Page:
CAIR says no evidence Hamline University lesson was Islamophobic

Story at a glance

  • A Hamline University professor lost her job after she showed a painting of the Prophet Muhammad in an art history class.

  • Many Muslims believe visual depictions of Muhammad violate religious law.

  • The Council on American-Islamic Relations released a statement urging further examination of the situation surrounding the professor, saying it discourages such depictions but found no evidence that her lesson was Islamophobic by its definition.

A Muslim civil rights and advocacy group is saying that a professor showing a portrait of the Prophet Muhammad during an art history class, which resulted in her being fired from her position, was not Islamophobic and her university should reexamine the situation.

The Council on American-Islamic Relations (CAIR) said in a statement on Friday that it “strongly” discourages showing visual depictions of Muhammad, but the group draws a distinction between professors who analyze ancient paintings for academic purposes and people who use them to cause offense and spread hatred.

“What we find un-Islamic is not necessarily Islamophobic, and we must be careful to distinguish between those two concepts,” CAIR said.

Controversy arose at Hamline University, a private, liberal arts college in Minnesota, last semester when Erika López Prater, an adjunct professor, showed a 14th-century painting of Muhammad in her global art history class.

The New York Times reported that López Prater warned students ahead of time in her syllabus that the class would be shown images of religious figures like Muhammad and the Buddha and asked students to let her know if any of them had concerns with her plans. She told the Times that no one raised concerns to her, but she offered students the ability to step out of the class a few minutes in advance of showing the painting of Muhammad.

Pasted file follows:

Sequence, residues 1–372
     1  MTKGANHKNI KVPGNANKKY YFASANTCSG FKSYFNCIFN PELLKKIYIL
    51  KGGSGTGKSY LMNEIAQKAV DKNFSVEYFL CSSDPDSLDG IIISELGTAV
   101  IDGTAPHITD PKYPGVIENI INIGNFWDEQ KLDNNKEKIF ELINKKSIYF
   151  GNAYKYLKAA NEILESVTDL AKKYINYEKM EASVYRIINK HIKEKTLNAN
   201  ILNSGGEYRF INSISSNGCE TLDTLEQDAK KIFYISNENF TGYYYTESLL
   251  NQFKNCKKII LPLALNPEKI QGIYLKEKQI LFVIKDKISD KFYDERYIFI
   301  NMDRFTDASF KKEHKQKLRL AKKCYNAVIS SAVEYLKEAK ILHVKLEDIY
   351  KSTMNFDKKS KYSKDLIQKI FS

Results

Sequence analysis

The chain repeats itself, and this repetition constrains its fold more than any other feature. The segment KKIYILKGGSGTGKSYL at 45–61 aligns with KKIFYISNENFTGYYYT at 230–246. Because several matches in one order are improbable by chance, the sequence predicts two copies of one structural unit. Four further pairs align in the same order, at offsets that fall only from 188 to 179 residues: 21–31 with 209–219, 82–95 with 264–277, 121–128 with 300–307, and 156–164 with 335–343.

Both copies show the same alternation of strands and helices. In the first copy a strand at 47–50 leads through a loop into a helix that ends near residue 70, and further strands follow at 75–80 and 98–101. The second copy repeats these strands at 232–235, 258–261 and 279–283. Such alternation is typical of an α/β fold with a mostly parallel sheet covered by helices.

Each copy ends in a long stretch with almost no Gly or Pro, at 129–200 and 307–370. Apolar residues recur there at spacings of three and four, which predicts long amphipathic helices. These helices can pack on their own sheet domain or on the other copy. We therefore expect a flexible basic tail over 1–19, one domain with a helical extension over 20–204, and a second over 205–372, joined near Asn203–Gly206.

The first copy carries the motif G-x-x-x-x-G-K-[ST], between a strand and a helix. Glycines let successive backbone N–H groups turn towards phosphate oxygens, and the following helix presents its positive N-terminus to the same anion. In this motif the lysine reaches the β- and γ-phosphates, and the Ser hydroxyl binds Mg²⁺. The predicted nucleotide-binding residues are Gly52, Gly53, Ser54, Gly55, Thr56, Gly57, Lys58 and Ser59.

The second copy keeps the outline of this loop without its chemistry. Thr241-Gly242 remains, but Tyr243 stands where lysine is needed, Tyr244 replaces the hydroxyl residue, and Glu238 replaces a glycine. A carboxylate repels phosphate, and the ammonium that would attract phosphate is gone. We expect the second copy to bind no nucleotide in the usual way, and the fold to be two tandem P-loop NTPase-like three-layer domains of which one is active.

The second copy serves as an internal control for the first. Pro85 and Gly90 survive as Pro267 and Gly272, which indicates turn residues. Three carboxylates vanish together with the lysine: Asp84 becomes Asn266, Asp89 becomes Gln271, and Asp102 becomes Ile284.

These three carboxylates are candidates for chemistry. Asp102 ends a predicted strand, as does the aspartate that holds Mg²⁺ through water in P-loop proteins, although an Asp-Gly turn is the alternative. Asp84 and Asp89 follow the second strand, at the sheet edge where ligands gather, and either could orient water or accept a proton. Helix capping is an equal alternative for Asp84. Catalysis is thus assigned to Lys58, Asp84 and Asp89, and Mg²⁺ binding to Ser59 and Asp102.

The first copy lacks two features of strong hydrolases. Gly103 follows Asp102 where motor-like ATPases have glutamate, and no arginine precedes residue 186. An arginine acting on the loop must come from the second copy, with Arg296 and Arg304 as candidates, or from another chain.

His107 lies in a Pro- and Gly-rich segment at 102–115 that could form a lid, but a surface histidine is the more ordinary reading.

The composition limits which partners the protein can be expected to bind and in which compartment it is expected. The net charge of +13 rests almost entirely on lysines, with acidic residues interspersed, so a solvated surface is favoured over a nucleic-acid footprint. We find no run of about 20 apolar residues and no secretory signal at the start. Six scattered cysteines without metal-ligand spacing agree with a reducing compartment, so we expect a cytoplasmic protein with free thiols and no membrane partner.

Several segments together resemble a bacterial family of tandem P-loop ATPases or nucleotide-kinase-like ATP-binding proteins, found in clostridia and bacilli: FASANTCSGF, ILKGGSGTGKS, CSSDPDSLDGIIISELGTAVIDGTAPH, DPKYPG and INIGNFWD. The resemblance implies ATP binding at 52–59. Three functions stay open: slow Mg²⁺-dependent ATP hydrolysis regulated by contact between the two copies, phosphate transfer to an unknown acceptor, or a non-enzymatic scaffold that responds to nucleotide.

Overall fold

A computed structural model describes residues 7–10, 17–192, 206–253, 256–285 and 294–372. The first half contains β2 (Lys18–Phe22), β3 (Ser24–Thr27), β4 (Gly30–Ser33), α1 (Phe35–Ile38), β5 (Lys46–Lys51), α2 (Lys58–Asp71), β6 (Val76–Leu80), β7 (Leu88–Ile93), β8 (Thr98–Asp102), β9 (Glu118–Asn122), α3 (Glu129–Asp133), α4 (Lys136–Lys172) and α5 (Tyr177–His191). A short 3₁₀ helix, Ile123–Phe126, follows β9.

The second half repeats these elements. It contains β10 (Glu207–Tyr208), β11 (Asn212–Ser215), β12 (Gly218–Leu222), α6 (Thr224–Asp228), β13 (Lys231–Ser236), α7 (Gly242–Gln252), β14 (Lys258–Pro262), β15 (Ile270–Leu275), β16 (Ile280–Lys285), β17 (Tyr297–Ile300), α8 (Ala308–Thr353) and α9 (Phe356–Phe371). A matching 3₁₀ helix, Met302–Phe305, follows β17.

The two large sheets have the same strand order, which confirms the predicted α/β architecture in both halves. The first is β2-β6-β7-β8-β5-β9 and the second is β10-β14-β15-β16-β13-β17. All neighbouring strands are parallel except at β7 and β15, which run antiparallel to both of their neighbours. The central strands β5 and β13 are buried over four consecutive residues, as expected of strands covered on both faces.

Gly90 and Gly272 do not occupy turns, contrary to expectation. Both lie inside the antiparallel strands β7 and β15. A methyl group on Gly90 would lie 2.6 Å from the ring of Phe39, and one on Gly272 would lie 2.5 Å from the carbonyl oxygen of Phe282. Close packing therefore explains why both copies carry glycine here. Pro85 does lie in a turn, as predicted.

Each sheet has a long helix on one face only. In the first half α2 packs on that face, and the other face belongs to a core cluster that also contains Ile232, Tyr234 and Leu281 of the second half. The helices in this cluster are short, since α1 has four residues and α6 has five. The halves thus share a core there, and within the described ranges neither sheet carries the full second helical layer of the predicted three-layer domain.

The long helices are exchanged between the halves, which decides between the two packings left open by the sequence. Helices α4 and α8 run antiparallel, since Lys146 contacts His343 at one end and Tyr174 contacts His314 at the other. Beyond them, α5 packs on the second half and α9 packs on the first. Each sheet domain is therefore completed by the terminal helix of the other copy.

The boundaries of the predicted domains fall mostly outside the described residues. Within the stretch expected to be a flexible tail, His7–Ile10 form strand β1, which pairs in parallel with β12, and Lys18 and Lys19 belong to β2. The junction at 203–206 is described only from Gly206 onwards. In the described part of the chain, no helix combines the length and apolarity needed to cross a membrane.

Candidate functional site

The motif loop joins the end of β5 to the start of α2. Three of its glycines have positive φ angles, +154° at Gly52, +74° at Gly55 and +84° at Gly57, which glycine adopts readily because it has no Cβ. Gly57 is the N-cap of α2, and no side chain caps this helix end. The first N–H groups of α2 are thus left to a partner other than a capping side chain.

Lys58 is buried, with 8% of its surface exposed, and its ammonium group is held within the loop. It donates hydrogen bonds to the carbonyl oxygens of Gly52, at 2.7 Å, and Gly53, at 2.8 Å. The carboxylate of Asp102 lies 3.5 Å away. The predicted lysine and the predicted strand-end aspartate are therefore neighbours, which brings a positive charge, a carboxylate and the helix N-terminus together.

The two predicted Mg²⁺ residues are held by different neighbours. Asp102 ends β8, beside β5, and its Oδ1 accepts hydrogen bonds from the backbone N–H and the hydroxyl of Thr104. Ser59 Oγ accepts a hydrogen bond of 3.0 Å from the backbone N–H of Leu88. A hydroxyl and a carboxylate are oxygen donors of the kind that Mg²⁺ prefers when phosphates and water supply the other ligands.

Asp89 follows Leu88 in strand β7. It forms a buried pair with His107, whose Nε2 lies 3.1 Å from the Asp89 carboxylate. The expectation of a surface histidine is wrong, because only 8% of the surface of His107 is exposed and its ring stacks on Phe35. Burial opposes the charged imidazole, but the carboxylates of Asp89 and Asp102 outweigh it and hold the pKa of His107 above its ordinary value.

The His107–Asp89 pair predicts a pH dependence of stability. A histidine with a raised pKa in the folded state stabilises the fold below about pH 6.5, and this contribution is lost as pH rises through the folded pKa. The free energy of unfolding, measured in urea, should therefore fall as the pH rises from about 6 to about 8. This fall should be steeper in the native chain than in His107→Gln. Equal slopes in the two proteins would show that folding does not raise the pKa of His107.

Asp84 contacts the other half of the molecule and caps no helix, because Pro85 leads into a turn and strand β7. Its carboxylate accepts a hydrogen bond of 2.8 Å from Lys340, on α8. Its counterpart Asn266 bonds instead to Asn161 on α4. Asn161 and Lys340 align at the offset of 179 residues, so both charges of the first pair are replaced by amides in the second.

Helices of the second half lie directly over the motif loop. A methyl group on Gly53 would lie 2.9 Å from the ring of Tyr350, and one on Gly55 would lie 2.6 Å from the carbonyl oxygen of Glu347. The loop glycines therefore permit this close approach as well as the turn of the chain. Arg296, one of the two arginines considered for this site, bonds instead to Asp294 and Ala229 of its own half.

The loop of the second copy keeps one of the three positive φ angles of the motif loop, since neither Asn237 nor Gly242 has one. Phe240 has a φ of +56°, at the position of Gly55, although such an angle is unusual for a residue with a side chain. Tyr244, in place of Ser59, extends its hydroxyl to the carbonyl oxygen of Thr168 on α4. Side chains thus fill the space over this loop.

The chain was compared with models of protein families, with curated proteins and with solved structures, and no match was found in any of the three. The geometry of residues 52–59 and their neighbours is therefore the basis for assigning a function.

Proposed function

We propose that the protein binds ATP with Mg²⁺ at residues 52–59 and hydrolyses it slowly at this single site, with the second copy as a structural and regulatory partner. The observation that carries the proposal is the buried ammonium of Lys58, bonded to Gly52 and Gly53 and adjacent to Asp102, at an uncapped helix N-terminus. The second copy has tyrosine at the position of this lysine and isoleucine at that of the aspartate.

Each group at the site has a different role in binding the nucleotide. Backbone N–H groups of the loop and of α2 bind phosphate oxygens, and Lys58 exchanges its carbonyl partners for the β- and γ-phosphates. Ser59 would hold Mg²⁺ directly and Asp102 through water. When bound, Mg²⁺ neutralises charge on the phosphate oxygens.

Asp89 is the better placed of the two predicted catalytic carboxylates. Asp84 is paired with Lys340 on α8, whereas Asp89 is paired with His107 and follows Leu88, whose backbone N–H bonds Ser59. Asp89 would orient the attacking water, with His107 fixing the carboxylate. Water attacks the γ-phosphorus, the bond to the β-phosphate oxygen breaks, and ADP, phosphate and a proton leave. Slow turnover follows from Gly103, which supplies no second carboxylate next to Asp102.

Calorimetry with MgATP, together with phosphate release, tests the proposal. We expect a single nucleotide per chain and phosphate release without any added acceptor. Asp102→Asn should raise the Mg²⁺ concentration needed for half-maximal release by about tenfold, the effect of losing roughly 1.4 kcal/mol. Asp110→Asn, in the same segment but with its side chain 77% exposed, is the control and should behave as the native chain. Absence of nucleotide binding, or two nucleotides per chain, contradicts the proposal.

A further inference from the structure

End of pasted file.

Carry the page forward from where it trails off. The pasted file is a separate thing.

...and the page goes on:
Many Muslims view physical depictions of the Prophet Muhammad as prohibited and violating principles of Islam.

The Times reported that a student in the class complained to the university’s administration, and other Muslim students at the university backed that student in calling for Hamline officials to act.

López Prater was relieved of her position effective the next semester, and officials denounced the situation as Islamophobic, saying that respect for Muslim students should have “superseded” academic freedom, the Times reported.

But CAIR said in its statement that it has not seen any evidence that López Prater had Islamophobic intent or took actions that meets the group’s standard of being Islamophobic.

The organization said it wanted to recognize that the classroom incident and discussions around it have impacted Muslim students at Hamline University.

“We fully support their right to be heard and we condemn the hateful abuse that has been directed at them online during this controversy,” it said.

CAIR said it does not hesitate to call out Islamophobia, but the group does not take the term lightly and it should not be used to pertain to anything seen as “insensitive, offensive or immoral.”

The group said academic freedom is an “important principle” of higher education, and Islam requires fairness and justice for all people. It said schools should consider Muslim students’ perspectives when deciding how to teach in a “considerate and welcoming environment.”

CAIR said all people involved in the matter, including university officials, faculty members, activists and community leaders, should reevaluate the situation.

“We are confident that Hamline University and other schools can find a way to respect the sincerely held religious beliefs of students, treat faculty members fairly, and protect academic freedom, all at the same time,” CAIR said.

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